Quebec nurses union doubts government’s concern after whistleblower email launch

Quebec's nurses are calling a new whistleblower system mere windowdressing for the provincial government, saying it will do more to save the Legault administration's reputation than it will to save lives. 

“What do they want?” said Federation interprofessionnelle de la sante du Quebec (FIQ) Vice-President Denyse Joseph. “They just want to make sure our health care professionals do not denounce on social media.”

The nurses union says it’s already compiled and sent more than 900 staff complaints to the government via an email account where health care staff can confidentially share details about their working conditions.

For months, stories of conditions inside long-term care facilities (CHSLDs) have made headlines and sparked outrage on social media

Pharmacist and temporary CHSLD employee Nicolas St-Onge, has been working in a St-Lambert CHSLD for a week. Since his first day on the job, he’s been fighting for better safety standards. 

“I had to convince the people here to work on the same floor everyday,” St-Onge told CTV News. “Every time I come here and I say ‘I cannot go from a cold zone to a hot zone or hot to cold.’ It’s a battle everyday.” 

When he tried to tell his superiors, he was met with resistance.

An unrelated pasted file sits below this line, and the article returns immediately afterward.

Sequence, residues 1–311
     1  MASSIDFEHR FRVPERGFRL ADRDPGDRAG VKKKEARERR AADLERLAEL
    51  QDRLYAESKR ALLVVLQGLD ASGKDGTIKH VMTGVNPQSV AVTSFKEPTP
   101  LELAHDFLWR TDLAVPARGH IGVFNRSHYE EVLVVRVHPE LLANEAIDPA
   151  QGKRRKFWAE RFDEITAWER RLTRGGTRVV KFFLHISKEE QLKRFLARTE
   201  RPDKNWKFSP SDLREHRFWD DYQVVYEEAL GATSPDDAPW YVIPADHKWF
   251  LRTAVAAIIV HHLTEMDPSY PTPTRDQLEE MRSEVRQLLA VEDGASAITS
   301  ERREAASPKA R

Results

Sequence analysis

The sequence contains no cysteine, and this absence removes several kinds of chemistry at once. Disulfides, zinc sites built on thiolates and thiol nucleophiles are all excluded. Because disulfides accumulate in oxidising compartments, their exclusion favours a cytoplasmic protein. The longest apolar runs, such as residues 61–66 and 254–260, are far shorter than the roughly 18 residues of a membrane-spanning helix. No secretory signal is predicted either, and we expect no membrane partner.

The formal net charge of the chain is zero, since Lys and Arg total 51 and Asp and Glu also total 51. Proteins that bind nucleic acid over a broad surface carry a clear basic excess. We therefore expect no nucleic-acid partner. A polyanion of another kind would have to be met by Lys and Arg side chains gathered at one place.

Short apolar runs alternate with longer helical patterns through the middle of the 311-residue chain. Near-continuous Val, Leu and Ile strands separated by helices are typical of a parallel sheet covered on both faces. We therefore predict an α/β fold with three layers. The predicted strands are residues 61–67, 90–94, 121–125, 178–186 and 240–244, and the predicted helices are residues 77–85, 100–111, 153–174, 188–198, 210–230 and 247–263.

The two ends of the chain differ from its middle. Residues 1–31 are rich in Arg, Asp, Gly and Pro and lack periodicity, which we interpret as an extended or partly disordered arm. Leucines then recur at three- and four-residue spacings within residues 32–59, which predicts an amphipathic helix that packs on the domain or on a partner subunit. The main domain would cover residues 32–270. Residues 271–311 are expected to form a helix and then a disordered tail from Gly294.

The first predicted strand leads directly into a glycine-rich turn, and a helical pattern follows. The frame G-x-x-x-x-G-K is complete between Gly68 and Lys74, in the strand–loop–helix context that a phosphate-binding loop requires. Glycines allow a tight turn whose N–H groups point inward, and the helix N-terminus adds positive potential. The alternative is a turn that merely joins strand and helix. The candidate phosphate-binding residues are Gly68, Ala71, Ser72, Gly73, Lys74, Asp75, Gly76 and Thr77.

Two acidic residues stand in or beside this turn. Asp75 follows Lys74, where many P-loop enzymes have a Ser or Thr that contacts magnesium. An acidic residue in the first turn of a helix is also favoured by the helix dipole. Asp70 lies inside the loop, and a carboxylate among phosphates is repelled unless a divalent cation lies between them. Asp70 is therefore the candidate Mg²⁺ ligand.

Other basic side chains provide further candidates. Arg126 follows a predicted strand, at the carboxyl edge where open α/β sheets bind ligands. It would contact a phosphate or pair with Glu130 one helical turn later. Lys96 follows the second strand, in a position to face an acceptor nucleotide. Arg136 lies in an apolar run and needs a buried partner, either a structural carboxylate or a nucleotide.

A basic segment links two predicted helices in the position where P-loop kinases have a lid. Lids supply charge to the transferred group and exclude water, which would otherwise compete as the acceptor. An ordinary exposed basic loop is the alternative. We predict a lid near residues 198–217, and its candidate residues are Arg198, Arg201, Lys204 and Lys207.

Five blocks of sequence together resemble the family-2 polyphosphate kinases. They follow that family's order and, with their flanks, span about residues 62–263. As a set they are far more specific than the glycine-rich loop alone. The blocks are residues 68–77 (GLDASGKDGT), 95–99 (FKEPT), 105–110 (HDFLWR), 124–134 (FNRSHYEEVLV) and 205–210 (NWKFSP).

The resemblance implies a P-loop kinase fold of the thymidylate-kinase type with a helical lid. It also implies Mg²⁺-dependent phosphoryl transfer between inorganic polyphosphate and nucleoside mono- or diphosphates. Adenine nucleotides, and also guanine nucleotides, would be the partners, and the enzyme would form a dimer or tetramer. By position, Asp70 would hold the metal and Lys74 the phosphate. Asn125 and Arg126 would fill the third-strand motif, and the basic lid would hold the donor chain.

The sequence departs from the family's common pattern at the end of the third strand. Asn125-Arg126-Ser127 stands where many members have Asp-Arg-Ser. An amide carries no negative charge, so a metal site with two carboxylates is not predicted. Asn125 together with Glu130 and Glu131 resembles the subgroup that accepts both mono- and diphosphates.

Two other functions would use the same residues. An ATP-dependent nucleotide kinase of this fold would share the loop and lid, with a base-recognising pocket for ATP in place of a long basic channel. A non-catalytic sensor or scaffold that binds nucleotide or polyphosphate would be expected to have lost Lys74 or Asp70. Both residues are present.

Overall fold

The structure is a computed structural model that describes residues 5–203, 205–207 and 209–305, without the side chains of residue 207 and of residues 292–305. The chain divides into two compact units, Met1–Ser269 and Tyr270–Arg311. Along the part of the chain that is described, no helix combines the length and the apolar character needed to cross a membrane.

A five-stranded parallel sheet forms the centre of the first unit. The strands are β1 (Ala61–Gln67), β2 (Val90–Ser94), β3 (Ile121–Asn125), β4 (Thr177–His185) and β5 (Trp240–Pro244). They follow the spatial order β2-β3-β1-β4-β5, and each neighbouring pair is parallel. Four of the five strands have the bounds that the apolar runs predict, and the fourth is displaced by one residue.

“The response I had is ‘the schedule was already made up, so we cannot change the floors,’” said St-Onge.

Health Minister Danielle McCann acknowledged on Saturday that the government hasn't always been aware of individual incidents.

“We do know generally but what we see is sometimes in the media we learn about things,” she said. 

McCann is also concerned about reports claiming some health care facilities are making staff sign non-disclosure agreements. She questions the legality and says it will be examined in the fall session. 

“We want to liberate people to feel free to talk about what’s going on,” said McCann.

St-Onge sent his email to the government this morning but questions what will actually be accomplished

“The question is what are they going to do now that they know it’s been going on for weeks,” said St-Onge.

He hopes the government focuses on the virus’s spread and not the spread of stories in the media.

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